Have you ever wished that there were guidelines or policies in your school that would prevent others from deadnaming or misgendering you in class?
For students of University of the Philippines Diliman (UPD), this wish is now a reality. On Mar. 15, UPD’s Office of the Vice Chancellor for Academic Affairs released a memorandum called the “Guidelines on Affirming Transgender and Gender Non-Conforming (TGNC) Students’ Names, Pronouns, and Titles” crafted by the UP Center for Women’s and Gender Studies (UPCWGS).
The memorandum states that the guidelines are in “compliance with Section 1 of the UP Anti-Sexual Harassment Code, which states that ‘the University values and upholds the dignity of every individual, and guarantees the full respect for human rights of all members of the UP community’ and ‘the University shall maintain an enabling, gender-fair, safe and healthy learning and working environment for the members of the UP community.’”
It also clarifies that the term TGNC “refers to people whose gender identity does not match their sex assigned at birth (e.g. men who were assigned female at birth) and those whose gender expression does not match their gender identity (e.g. masculine women), respectively.”
Today, the @Official_UPD Office of the Vice Chancellor for Academic Affairs released the UP CWGS Guidelines on Affirming Transgender and Gender Non-Conforming (TGNC) Students' Names, Pronouns, and Titles. 1/3
So what steps does the guideline suggest students and teachers alike take in order to create a classroom environment that includes and affirms TGNC students?
Ask your students’ lived name, pronouns and titles, regardless of their gender identity.
UPCWGS notes that UPD’s current information system does not allow TGNC students to include their lived name, pronouns and titles, and recognizes that there are students who risk being deadnamed and misgendered because it may be difficult for them to notify their professors.
UPCWGS provided this sample prompt from one of its faculty members so professors can take the initiative: “What is your lived or chosen name, or your nickname? What are your pronouns? What title/s do you use? Note: If you are transgender, I understand that answering these questions truthfully may out you. Coming out should ideally be done at your own pace, in your own time, so please only indicate the pronouns and titles that you would like me to use to refer to you. For the record, I use he/they pronouns and the title Mx.”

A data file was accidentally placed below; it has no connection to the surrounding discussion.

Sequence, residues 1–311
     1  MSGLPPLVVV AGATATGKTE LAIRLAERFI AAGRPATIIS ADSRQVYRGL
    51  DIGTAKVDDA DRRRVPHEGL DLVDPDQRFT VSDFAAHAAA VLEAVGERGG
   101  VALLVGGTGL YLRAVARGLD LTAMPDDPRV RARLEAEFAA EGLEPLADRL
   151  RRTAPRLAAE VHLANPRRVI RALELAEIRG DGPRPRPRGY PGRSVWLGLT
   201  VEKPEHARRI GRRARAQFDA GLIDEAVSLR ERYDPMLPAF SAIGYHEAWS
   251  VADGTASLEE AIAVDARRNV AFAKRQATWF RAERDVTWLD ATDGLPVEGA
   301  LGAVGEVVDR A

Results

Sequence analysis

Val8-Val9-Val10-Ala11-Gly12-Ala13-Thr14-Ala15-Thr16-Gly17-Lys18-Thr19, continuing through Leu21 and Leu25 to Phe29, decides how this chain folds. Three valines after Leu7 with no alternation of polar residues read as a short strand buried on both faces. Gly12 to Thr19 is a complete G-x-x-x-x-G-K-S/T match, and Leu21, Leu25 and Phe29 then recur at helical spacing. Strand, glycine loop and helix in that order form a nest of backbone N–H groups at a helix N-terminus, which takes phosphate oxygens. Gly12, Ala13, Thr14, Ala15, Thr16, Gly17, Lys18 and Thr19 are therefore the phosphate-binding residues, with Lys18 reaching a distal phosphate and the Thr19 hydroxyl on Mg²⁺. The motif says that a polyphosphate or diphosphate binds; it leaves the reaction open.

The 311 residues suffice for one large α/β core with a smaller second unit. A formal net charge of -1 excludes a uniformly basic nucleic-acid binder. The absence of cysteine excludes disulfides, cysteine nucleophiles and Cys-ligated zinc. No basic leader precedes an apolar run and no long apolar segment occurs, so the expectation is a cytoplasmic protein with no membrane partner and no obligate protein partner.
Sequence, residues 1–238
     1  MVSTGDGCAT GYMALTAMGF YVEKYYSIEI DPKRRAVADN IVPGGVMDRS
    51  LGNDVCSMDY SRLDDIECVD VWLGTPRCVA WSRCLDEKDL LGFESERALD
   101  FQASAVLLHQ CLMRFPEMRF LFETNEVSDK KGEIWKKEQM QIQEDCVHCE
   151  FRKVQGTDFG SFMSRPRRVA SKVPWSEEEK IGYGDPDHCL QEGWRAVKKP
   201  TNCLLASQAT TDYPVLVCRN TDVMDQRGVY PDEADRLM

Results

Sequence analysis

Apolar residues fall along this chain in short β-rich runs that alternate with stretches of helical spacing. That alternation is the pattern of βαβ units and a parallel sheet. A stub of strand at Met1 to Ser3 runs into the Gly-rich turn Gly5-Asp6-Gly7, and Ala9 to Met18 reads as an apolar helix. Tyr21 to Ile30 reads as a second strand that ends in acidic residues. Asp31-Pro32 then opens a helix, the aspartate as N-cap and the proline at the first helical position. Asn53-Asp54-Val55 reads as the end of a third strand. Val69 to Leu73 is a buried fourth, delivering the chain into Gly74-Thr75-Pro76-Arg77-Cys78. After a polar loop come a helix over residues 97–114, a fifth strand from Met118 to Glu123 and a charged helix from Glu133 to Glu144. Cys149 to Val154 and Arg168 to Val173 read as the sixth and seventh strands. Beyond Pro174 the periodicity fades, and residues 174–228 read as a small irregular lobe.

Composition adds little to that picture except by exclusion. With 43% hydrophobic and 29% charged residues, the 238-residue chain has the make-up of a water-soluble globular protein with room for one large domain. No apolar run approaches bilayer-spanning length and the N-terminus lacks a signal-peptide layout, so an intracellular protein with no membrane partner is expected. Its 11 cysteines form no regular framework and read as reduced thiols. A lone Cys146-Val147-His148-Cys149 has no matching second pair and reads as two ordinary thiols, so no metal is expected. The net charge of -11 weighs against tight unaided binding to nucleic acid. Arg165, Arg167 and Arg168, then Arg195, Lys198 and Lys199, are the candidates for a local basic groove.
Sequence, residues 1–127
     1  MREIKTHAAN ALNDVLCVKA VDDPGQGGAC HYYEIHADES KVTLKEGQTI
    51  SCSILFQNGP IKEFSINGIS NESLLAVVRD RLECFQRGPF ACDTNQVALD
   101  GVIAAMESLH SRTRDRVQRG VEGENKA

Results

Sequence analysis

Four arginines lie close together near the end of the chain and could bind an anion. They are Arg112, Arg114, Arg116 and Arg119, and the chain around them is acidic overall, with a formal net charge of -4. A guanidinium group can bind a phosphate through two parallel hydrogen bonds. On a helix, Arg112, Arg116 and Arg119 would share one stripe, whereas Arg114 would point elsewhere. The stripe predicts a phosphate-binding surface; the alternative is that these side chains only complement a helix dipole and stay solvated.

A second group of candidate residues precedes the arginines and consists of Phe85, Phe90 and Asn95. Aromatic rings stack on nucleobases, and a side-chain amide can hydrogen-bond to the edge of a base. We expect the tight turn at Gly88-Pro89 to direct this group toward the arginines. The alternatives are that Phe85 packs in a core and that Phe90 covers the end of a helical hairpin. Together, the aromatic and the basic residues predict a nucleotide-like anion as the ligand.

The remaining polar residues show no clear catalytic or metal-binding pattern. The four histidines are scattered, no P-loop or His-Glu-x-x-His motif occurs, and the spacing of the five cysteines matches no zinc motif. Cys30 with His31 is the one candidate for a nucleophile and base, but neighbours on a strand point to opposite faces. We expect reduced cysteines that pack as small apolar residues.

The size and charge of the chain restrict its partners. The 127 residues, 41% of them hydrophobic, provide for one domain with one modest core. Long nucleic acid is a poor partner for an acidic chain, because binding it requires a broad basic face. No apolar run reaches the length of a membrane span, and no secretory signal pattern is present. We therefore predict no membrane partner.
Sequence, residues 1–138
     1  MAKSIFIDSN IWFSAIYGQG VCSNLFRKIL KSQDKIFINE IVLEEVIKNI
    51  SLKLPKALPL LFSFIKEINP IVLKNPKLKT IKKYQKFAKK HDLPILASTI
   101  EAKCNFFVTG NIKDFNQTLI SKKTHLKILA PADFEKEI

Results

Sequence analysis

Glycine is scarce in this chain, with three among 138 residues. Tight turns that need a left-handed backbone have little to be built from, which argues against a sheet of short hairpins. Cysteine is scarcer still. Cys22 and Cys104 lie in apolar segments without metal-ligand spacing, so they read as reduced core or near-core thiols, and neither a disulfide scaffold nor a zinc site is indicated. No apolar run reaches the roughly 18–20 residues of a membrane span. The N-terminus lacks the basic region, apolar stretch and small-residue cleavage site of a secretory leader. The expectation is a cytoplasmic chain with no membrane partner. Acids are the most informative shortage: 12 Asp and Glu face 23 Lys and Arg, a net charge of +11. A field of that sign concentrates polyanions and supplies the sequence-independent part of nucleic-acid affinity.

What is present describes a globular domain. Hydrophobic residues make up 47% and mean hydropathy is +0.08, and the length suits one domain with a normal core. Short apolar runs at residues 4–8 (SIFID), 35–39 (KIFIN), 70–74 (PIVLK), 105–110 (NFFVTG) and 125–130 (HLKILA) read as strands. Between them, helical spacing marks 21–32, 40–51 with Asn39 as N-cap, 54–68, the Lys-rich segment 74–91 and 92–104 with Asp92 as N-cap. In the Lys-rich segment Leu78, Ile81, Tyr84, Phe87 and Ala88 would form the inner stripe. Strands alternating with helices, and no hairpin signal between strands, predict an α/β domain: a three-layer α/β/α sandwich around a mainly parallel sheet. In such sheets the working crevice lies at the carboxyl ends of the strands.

Use a TGNC student’s lived name, pronouns and titles—and encourage your non-TGNC students to do the same.
UPCWGS suggests for those who are still having trouble grasping the concept to “think of lived names as similar to nicknames, in that, for some cisgender (i.e., non-transgender) people, their nicknames are not at all based on or related to their legal names.”
It asks that people recognize the vulnerability and trust a TGNC student provides in sharing the information by upholding inclusivity and gender equality in the classroom.
Model other best practices for affirming TGNC students.
UPCWGS also listed down other ways faculty members can be more gender-sensitive: including their pronouns alongside their names in their email signatures, having a lived name and pronoun clause in their syllabi and using gender-sensitive and/or gender-neutral language whenever applicable (e.g., using “everyone” or “folks” instead of “guys” or “ladies and gentlemen”, using the singular “they” instead of “he/she”).
The memorandum doesn’t note whether these guidelines will be strictly enforced or whether students can file complaints to designated offices should their professors fail to comply. However, we can’t deny that it’s possibly a groundbreaking move that can pave the way for other schools to follow suit. Team Preen once conducted a roundtable discussion attended by a trans professor from the university and we celebrate this triumph in the field of education and SOGIE acceptance with them.